Still think TJ will give you a performance boost? According to the renowned Dr. James Andrew, the likelihood of reaching collegiate level play decreases three-fold when surgery is administered to a youth baseball player.4
Unfortunately, these are not the stats that parents, coaches, and players are hearing when they watch stars like Matt Harvey of the New York Mets, twenty months post-op face the Washington Nationals’ Stephen Strasburg, who did his rehab back in 2010. For those young pitchers able to return to the game, their arm has been permanently altered and many throw at a lower velocity than pre-surgery.
“Tommy John has earned a sexy reputation – the zipper-like scar left on the player’s elbow has been known to not only return throwing capability, but create a “bionic” arm, increasing velocity post-surgery.”
If not exceeding or even meeting pre-surgical performance isn’t enough to battle, players must often undergo a revision, or repeat surgery. In fact, eleven of the 31 procedures done in 2014 on players in the Major Leagues were repeats.5
Now if baseball were purely a physical game, Tommy John may still be a gamble worth taking. Unfortunately, the buck doesn’t stop there. A successful post-op career, meaning the player will return to A-game, is only possible with a successful rehabilitation.
It’s Not All Fun and Games
According to Glenn Fleisig of ASMI, when things go well, like for 80% of pitchers, you could be back to playing pro baseball in twelve months, but it takes about eighteen months to be as good as you were pre-surgery.6 During my own rehab from Tommy John surgery I witnessed several colleagues rehab for upwards of two years before returning to the mound, and some did not return at all.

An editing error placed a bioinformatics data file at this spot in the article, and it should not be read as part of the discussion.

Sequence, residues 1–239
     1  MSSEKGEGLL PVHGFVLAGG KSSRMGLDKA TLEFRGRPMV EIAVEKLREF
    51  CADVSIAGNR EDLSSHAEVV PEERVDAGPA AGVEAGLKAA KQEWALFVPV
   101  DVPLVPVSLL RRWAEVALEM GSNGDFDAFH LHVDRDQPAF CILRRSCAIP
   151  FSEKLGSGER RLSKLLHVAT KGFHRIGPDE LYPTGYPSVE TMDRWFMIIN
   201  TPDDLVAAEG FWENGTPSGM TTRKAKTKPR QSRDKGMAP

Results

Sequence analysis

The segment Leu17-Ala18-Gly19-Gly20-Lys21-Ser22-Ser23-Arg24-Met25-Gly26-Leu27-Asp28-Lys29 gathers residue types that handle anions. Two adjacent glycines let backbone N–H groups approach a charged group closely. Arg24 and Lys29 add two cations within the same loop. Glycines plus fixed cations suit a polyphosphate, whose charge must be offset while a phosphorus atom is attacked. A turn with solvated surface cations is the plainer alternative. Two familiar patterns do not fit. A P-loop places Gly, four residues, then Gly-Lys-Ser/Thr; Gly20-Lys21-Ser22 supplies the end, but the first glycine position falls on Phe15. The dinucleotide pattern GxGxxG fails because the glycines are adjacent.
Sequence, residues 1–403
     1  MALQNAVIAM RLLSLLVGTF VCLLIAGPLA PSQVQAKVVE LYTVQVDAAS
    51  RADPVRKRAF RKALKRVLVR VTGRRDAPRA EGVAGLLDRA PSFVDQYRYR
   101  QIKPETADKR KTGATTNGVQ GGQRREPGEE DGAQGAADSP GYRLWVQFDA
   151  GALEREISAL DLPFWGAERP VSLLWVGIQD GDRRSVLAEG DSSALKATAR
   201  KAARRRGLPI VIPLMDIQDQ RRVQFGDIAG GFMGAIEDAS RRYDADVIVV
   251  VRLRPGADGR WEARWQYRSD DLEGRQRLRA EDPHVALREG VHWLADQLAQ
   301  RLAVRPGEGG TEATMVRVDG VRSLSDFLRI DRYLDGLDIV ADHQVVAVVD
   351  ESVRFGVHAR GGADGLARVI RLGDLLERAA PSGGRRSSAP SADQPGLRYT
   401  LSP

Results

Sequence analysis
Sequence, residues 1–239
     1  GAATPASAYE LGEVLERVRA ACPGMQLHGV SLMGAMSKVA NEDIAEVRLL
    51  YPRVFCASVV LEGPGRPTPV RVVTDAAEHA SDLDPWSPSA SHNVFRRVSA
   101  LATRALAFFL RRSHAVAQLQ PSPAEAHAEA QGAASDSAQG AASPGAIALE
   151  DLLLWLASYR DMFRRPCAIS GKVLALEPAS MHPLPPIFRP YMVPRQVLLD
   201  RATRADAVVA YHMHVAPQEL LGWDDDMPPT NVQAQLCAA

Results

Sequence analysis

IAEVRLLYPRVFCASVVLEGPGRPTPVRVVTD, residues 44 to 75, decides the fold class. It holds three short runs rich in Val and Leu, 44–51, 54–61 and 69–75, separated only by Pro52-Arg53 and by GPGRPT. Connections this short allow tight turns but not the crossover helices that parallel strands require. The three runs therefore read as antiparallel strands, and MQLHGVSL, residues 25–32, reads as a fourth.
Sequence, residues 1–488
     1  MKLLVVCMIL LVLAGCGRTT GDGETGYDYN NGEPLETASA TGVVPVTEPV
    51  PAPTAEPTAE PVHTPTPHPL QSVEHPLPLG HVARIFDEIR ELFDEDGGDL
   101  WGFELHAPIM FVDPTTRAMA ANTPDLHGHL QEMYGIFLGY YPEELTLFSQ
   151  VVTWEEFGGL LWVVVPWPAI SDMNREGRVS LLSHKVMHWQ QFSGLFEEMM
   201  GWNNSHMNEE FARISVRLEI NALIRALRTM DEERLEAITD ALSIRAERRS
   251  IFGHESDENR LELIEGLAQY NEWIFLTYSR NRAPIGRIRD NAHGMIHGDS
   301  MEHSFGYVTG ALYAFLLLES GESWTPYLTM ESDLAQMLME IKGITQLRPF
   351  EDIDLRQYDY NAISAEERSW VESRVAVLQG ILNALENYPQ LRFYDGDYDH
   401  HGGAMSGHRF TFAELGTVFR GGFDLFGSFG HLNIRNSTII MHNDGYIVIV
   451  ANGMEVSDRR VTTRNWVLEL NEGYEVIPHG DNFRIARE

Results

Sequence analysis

Through no fault of their own, many players are not mature enough to handle the grueling rehabilitation process. Months of painful physical therapy, monotonous days, and relearning mechanics can take an emotional toll. Pitchers who were previously throwing over ninety miles per hour must summon the will power to show up day after day to perform simple exercises, regain lost range of motion throughout the shoulder and elbow, and have a therapist manually break up their scar tissue. Trust me when I say this is not for the faint of heart. The road back to the mound is nothing if not long, and it can be filled with setbacks that test a player’s mental and emotional strength.
“During my own rehab from Tommy John surgery I witnessed several colleagues rehab for upwards of two years before returning to the mound, and some did not return at all.”